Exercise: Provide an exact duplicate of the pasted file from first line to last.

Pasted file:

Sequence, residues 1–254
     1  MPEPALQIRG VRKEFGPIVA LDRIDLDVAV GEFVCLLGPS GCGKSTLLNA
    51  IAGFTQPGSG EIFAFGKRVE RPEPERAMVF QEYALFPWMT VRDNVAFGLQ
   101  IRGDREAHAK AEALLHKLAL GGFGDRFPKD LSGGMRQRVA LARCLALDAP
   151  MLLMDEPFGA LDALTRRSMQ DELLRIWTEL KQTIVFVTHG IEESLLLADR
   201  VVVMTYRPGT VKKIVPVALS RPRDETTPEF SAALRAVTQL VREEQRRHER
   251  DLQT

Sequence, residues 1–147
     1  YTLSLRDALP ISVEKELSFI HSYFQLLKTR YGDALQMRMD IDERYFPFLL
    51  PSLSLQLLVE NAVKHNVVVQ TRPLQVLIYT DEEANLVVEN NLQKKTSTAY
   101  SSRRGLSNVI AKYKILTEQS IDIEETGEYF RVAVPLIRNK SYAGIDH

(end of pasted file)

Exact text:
Sequence, residues 1–254
     1  MPEPALQIRG VRKEFGPIVA LDRIDLDVAV GEFVCLLGPS GCGKSTLLNA
    51  IAGFTQPGSG EIFAFGKRVE RPEPERAMVF QEYALFPWMT VRDNVAFGLQ
   101  IRGDREAHAK AEALLHKLAL GGFGDRFPKD LSGGMRQRVA LARCLALDAP
   151  MLLMDEPFGA LDALTRRSMQ DELLRIWTEL KQTIVFVTHG IEESLLLADR
   201  VVVMTYRPGT VKKIVPVALS RPRDETTPEF SAALRAVTQL VREEQRRHER
   251  DLQT

Sequence, residues 1–147
     1  YTLSLRDALP ISVEKELSFI HSYFQLLKTR YGDALQMRMD IDERYFPFLL
    51  PSLSLQLLVE NAVKHNVVVQ TRPLQVLIYT DEEANLVVEN NLQKKTSTAY
   101  SSRRGLSNVI AKYKILTEQS IDIEETGEYF RVAVPLIRNK SYAGIDH